Like Burn the Witch, a song by the English rock band Radiohead that gave its title to Pierre Aghaikian’s third solo show at Isabelle Gounod and one of the paintings on display, the young French artist’s resolutely expressionist style is as spacey as it is tense. Aghaikian, who has recently graduated from the École des Beaux-Arts in Paris, has developed for the past two years a series of paintings, which vertiginously blows what Erró radically introduced into surrealism at the turn of the 1960s: a hurricane of pop culture! Yet the analogy stops here. The master of Figuration Narrative has travelled the world to gather bottomless archives of mass consumer images – notably comics – and thus keep completing his kaleidoscopic yet flat, collage-like portrait of our times. As for Aghaikian, he has dug the motifs of his latest pictorial ensemble out of the fictitious abysses of cinema and video games, before diverting and thrusting them further into his distinctively thick, craggy impastos.
Following a recipe of his own, a mixture of oil paint and marble powder, Aghaikian has given an Earth-like crust, if not a dark matter, to the large all-over paintings and smaller compositions that punctuate the show. The mineral quality of these new works is all the more manifest that they actually stage a cultural quake, as if the Far East had crashed into the Far West, sweeping Hollywood on the way. Bringing to mind the universe of the Kingdom Hearts video game franchise, after which another painting was titled, the artist’s hallucinatory visions embark beloved cartoon and manga characters into a crepuscular Western scenery, whose graphic asperities are sharpened by the polystyrene cutouts that frame the majority of the larger works, resembling volcanic plugs, stalagmites or stalactites. While the attractions of Disneyland directly inspired the fantastic rides, into which the painter has thrown all the protagonists of his tableaux, the strange, almost subterranean, apocalyptic atmosphere that transpires through the overall ensemble is also a nod to the Cohen Brothers’ movies and Red Dead Redemption, yet another video game franchise that gave its title to a work on display.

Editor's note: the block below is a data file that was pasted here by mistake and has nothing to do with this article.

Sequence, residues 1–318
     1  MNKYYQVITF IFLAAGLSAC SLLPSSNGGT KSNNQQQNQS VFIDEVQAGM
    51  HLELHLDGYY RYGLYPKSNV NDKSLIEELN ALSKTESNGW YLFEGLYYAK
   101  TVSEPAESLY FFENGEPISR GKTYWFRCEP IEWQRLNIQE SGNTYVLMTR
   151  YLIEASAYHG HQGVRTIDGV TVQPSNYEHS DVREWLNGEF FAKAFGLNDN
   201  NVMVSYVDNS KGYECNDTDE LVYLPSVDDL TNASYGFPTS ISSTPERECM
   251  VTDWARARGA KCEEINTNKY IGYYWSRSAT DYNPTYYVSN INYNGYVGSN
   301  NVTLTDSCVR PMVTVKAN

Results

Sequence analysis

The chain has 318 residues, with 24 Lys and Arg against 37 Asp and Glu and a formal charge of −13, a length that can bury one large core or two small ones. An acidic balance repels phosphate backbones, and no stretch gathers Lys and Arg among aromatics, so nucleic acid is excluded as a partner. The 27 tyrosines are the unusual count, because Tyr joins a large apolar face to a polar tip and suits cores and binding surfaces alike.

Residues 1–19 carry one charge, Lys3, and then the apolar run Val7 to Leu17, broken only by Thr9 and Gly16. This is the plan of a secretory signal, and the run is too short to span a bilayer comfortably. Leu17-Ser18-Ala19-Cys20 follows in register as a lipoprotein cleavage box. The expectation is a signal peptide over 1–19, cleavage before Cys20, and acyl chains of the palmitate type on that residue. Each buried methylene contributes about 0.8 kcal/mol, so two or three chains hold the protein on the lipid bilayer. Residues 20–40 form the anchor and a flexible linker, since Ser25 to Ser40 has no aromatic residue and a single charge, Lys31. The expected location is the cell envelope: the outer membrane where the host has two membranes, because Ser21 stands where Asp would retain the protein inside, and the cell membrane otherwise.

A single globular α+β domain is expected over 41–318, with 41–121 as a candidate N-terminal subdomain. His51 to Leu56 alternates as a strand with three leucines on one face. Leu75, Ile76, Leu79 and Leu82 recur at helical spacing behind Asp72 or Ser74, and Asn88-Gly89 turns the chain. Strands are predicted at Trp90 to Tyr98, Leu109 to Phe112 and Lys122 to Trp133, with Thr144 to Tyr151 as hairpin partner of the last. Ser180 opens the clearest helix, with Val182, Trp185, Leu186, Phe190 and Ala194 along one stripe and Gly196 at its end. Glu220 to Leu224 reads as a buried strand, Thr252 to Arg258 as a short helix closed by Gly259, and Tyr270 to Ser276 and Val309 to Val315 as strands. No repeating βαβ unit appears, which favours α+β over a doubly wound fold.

Among Aghaikian’s overloaded pictorial fields, one character appears more ubiquitous than others. He is a naively rendered, child-like cowboy, whose ambivalent smiley smirk ironically seems to say everything and its opposite about our contemporary world that both praises and fears the technological void, human extinction, and the mineral power of nature taking over. There is an epic dimension to the artist’s works, especially at this turning point in history, while great heroes, if not in the least lacking, mostly evolve across an overkill of platforms and screens, leaving us the sole responsibility and addictive pleasure to vainly project ourselves into their digital feats. Echoing the logo of the film studio Paramount and shooting throughout the entire series, showers of bright stars finally point this great work towards higher spheres. After all, what could better signify here a dantesque paradise beyond the dark purgatory, into which Aghaikian engulfs us? Virtual realms may not be set in stone, but painting is certainly more likely to defy time.